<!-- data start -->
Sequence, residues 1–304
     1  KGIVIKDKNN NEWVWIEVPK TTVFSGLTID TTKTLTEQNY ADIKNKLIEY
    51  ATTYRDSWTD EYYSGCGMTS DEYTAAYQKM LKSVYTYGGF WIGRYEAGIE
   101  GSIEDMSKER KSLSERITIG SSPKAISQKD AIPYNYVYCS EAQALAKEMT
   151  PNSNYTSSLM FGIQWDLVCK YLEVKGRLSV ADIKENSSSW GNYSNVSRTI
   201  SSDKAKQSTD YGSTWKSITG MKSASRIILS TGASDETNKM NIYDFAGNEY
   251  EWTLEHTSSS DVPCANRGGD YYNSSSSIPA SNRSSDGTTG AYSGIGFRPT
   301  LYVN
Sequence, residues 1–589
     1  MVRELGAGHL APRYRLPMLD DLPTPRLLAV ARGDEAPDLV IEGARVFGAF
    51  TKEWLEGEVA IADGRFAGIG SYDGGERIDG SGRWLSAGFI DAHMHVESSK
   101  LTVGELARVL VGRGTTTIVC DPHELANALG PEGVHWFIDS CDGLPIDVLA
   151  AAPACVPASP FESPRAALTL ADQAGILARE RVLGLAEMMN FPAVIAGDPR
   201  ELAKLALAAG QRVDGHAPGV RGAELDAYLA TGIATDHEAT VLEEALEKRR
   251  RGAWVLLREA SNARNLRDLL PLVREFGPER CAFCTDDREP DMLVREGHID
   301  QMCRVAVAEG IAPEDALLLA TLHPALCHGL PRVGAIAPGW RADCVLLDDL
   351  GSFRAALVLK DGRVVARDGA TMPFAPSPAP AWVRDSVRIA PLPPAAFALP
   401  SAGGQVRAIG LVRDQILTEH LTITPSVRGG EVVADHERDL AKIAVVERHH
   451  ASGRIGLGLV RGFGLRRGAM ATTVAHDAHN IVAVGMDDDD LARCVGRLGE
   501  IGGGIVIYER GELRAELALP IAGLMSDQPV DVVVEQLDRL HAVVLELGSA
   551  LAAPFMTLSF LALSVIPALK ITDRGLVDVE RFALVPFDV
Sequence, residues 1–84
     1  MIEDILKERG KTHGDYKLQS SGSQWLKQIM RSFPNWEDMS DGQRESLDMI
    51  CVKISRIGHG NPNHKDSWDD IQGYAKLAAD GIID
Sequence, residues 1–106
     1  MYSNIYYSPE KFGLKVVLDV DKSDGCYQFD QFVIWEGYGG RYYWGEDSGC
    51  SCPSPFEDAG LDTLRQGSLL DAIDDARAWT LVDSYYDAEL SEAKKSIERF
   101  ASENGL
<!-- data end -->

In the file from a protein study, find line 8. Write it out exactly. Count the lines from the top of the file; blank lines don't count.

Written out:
   301  LYVN